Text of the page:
TO THE MEMBERS OF THE U.S. HOUSE OF REPRESENTATIVES:
The U.S. Chamber of Commerce strongly opposes H.R. 1, disingenuously named the “For the People Act of 2019.” The Chamber will include votes related to this bill in our annual How They Voted scorecard.
While the Chamber shares the goal of bringing more people into the political process, significant portions of H.R. 1 are clearly intended to have precisely the opposite effect – pushing certain voices, representing large segments of the electorate and U.S. economy, out of the political process altogether.
For example, H.R. 1’s sweeping regulation of so-called “campaign-related disbursements,” regulates a brand-new category of communications that “promote,” “attack,” “support,” or “oppose” a candidate or elected official (“PASO communications”). Unlike existing campaign finance law, which regulates speech that either expressly advocates a candidate’s election or defeat or that mentions a candidate in relatively close temporal proximity to an election, the vague and overly broad new definition of PASO communications applies year-round and threatens to consume any legislative advocacy that dares mention an elected official.
The penalties imposed by H.R. 1 for engaging in PASO communications are severe – a group that spends more than an aggregate of $10,000 on such communications over a two-year election cycle must, among other things, file reports publicly disclosing all of its donors who have given it more than $10,000 during the election cycle. The $10,000 donor threshold appears designed to target business organizations while largely sparing labor organizations from disclosure
of their funding sources, which are typically union dues that are far less than $10,000.
There are many other aspects of H.R. 1 that are extremely problematic. To highlight just a few:
- H.R. 1 would fundamentally transform the FEC from a non-partisan agency comprised of three commissioners from each party into an overtly partisan enforcement tool controlled by a majority of commissioners from the political party then in power.
- H.R. 1 would deem communication by corporations, including associations, to be “coordinated” and thereby prohibited if the organization has even the most innocuous and tenuous of connections with a candidate. For example, a meeting with an elected official to discuss a policy issue, an organizational employee who was previously employed by the elected official or candidate in any capacity, or a common vendor with a candidate would all have the practical effect of prohibiting corporations, including associations, from engaging in the political process.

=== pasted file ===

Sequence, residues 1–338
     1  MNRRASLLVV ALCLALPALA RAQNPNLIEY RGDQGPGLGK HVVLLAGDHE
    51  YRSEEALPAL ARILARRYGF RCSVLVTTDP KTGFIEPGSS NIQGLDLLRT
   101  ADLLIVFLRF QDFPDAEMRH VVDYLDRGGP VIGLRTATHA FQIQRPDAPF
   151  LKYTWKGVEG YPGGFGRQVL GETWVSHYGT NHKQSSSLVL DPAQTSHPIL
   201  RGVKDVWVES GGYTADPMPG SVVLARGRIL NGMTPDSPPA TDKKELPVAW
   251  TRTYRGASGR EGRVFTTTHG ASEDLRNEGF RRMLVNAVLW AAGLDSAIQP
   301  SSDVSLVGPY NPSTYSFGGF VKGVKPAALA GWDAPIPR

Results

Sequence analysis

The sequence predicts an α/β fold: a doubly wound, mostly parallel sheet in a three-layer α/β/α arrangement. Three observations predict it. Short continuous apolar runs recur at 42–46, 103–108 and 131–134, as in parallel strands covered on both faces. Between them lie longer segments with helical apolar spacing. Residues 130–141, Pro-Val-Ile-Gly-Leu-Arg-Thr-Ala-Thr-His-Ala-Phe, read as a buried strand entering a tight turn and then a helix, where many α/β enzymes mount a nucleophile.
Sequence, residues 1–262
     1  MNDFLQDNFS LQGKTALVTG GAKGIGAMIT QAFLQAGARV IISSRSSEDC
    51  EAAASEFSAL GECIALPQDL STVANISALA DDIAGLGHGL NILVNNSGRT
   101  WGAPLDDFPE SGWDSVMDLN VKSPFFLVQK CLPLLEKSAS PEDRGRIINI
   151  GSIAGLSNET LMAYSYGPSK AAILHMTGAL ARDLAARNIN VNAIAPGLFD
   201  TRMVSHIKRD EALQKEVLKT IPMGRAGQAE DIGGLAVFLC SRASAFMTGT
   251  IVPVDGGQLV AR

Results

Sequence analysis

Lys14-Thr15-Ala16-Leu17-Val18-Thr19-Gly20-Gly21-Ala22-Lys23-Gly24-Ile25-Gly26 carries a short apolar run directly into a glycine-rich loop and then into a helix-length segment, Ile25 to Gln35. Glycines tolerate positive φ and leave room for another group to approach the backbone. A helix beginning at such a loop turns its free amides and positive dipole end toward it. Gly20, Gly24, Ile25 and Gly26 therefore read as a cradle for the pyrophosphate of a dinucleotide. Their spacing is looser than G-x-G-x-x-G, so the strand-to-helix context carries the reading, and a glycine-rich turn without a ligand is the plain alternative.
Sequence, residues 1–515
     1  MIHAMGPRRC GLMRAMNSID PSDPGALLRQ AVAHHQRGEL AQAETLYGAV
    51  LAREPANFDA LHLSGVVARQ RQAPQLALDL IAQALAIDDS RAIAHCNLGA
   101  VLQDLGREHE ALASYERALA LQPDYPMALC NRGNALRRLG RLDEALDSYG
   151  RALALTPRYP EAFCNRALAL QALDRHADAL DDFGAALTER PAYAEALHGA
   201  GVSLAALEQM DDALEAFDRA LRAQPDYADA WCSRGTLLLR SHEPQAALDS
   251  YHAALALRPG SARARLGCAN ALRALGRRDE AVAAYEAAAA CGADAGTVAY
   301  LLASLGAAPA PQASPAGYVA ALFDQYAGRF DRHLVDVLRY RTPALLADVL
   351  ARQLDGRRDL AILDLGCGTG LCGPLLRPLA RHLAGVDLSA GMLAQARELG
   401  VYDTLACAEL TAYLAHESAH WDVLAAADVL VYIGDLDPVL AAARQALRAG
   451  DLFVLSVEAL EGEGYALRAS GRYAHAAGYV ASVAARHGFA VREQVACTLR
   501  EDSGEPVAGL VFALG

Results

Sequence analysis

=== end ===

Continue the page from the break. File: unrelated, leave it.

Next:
- H.R. 1 would also usher in a host of onerous disclaimer requirements for those engaging in communications that mention a candidate or elected official, even if those communications are related to legislative issues.
American democracy benefits from the robust participation of its citizens – whether they choose to engage individually at the ballot box or collectively through a party, association, or corporation. Yet H.R. 1 would regulate and ultimately silence Americans who choose to petition their government or participate in the political process through the collective action of an association or corporation. Just as using the power of government to silence the press is antithetical to our Constitution and fundamental rights, so are the restrictions proposed in H.R. 1.
The Chamber urges you to defend the constitutional rights of all Americans and reject H.R. 1.
Suzanne P. Clark
Senior Executive Vice President
U.S. Chamber of Commerce